When using the iPhone’s camera, you can enable HDR (high dynamic range) for your photos by tapping HDR On/Off at the top of the viewfinder. Dynamic range is the light spectrum that an eye—or a camera sensor—can read; it can be great for shots that have multiple light levels. A sunset portrait shot, for example, will capture both your subject and the fire-red sky. Apple’s HDR setting takes three images at different exposures (under-exposed, overexposed, and in the middle) and combines them into an image that has more details in both the shadows and the highlights.

Though it may be tempting to leave HDR on all the time, each HDR photo takes several seconds to save, and the larger (and extra) images eat up storage space fast. If you have an iPhone 5s, consider using its HDR Auto setting instead; when it’s enabled, the device automatically decides whether or not HDR is warranted.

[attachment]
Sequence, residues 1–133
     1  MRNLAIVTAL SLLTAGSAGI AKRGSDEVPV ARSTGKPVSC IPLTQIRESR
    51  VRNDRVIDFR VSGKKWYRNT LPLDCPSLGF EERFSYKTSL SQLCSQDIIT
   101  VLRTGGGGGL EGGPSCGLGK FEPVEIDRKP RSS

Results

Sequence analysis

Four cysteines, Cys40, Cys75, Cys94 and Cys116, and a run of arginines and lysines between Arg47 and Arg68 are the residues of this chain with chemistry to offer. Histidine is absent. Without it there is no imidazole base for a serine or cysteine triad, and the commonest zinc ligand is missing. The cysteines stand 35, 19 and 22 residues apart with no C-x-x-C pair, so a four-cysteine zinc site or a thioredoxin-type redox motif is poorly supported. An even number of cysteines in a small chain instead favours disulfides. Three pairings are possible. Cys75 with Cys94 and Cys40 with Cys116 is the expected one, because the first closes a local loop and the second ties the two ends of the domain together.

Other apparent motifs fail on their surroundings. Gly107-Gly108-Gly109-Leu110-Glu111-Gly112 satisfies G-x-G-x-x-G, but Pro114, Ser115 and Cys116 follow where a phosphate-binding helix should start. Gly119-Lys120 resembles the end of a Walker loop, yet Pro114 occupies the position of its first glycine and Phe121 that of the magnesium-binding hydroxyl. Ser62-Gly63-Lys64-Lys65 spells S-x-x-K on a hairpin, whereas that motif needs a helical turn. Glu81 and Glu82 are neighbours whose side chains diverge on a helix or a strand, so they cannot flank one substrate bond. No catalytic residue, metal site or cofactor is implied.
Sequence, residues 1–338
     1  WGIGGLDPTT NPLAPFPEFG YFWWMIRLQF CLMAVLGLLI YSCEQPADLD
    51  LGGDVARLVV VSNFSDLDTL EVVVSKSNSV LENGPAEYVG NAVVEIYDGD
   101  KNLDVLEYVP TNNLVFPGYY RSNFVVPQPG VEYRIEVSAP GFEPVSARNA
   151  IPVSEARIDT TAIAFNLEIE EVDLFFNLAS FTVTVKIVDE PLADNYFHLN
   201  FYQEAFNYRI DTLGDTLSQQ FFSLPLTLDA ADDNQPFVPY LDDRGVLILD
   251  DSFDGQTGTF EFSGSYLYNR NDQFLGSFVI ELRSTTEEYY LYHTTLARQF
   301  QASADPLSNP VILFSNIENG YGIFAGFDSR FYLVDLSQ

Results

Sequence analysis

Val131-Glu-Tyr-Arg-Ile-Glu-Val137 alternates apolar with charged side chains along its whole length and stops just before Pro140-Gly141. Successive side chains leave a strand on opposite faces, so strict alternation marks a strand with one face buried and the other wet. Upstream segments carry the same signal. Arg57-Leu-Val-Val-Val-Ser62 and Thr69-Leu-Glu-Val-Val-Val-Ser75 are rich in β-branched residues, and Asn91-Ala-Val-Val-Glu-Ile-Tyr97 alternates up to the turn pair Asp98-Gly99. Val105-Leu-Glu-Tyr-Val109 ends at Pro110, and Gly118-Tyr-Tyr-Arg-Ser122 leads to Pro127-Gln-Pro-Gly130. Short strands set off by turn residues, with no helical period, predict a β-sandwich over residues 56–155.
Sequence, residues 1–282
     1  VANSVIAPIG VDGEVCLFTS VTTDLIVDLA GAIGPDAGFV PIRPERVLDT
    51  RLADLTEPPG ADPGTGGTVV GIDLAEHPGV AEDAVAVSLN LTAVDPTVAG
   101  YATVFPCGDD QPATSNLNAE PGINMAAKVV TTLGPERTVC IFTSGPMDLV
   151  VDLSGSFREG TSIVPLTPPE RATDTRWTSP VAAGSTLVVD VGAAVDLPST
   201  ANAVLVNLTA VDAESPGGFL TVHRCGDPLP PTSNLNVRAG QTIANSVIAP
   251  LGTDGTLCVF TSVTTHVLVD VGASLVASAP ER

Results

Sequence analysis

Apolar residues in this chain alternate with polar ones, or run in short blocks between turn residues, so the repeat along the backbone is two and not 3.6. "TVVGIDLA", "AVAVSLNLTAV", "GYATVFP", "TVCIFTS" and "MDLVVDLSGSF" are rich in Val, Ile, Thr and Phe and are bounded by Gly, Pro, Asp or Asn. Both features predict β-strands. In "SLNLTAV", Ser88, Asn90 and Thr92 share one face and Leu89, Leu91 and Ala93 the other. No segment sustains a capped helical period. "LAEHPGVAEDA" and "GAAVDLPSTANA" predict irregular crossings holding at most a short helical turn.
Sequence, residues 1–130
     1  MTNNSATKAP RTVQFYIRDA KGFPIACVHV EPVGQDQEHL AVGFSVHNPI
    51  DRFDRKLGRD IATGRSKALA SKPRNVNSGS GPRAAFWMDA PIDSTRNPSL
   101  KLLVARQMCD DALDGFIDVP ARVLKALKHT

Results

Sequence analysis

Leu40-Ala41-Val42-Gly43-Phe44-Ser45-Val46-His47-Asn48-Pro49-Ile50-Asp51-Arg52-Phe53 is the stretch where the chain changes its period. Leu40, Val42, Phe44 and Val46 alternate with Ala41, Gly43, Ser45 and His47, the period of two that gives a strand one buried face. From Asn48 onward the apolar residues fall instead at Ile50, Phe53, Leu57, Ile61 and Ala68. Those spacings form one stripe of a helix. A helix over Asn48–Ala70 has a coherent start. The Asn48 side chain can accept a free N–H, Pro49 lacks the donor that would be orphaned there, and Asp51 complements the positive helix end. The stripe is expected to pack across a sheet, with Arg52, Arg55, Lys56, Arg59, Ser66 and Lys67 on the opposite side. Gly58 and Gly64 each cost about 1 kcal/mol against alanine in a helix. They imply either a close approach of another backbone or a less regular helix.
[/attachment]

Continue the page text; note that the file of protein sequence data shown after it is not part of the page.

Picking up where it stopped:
HDR is effective in many instances, but there are a few situations to watch out for.

When capturing motion: If you’re shooting a fast-moving subject or you move the iPhone while shooting, the final HDR image can show ghosting—in which the multiple shots are misaligned and objects appear in more than one place. To avoid ghosting, use a tripod.

When contrast is key: A good shot can create a sense of drama by contrasting light and dark—say, to play up the impact of a dark silhouette against a bright background. HDR shots decrease image contrast.